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Harman Center makes debut in D.C.

The Baltimore Sun

WASHINGTON -- Under a halo of popping flashbulbs, the capital's high society turned out in droves this week for the gala opening of the Harman Center for the Arts, which includes a new $89 million, glass-fronted auditorium that will be a new home for the Shakespeare Theatre Company.

Each of the guests - who included Chelsea Clinton, with Secret Service agents in tow, and former Supreme Court Justice Sandra Day O'Connor - paid $5,000 to attend events that included a cocktail party; performances from, among others, Broadway star Patti LuPone and jazz virtuoso Wynton Marsalis; a fireworks display outside on F Street; and a banquet in the National Building Museum a couple of blocks away.

The master of ceremonies at Monday night's gala was actor Sam Waterston of the TV show Law & Order. He introduced not only LuPone and Marsalis, but also violinist Ann-Sophie Mutter, who played selections from George Gershwin's Porgy and Bess; ballet dancers Julio Bocca and Nina Ananiashvili, who danced a pas de deux from Swan Lake; the Jazz at Lincoln Center Orchestra, which played two Marsalis compositions and a crackling version of "Take the 'A' Train" by Billy Strayhorn; and the Washington Ballet, which danced to five Beatles songs.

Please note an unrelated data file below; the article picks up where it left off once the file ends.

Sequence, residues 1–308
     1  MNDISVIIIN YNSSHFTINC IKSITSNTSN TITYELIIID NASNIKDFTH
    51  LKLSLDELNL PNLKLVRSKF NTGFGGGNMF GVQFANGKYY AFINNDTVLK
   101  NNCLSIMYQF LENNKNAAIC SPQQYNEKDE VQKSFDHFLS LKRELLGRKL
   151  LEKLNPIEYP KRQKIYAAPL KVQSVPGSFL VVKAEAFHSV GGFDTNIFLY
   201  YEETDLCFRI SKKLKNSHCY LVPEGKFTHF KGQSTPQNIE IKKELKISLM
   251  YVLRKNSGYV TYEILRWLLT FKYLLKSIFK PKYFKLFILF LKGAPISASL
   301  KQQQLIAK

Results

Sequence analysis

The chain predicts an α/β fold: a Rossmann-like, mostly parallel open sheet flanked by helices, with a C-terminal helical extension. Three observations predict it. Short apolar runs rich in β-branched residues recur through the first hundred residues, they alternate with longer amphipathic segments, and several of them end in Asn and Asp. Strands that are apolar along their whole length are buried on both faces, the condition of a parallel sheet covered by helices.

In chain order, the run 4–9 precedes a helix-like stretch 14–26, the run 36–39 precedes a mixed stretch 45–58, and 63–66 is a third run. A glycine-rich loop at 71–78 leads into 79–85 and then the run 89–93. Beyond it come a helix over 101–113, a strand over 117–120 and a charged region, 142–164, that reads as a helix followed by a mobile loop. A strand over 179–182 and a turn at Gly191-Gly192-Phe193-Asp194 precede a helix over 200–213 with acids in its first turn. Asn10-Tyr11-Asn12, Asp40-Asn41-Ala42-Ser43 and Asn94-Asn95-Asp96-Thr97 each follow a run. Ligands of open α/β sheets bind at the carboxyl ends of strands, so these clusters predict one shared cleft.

Michael Kahn, who has been the company's artistic director for 21 seasons, told the audience that the event had raised almost $3 million. Construction of the 755-seat Sidney Harman Hall, packed with state-of-the-art soundproofing and lighting technology, began in November 2004.

The Shakespeare Theatre Company, Kahn said, will continue to use its longtime home, the 451- seat Lansburgh Theatre nearby, also part of the Harman Center. Having two theaters lets the company expand its coming season from five to eight plays, present two repertory series, introduce family and lunchtime programming, and increase its education and outreach efforts.

The company's new season begins today with Shakespeare's The Taming of the Shrew at the Lansburgh Theatre and, on Nov. 7, Tamburlaine by Christopher Marlowe in the new auditorium.

The center is named for Sidney Harman, who built a fortune by making high-end audio equipment and donated about $19 million for the new theater.

"People make this kind of gift because they believe it sanctions their lives, but I don't need any of that," Harman, whose wife is Rep. Jane Harman, a California Democrat, said Sunday during a reception at the British Embassy in honor of the new theater. His gift, he said, was "an act of love."


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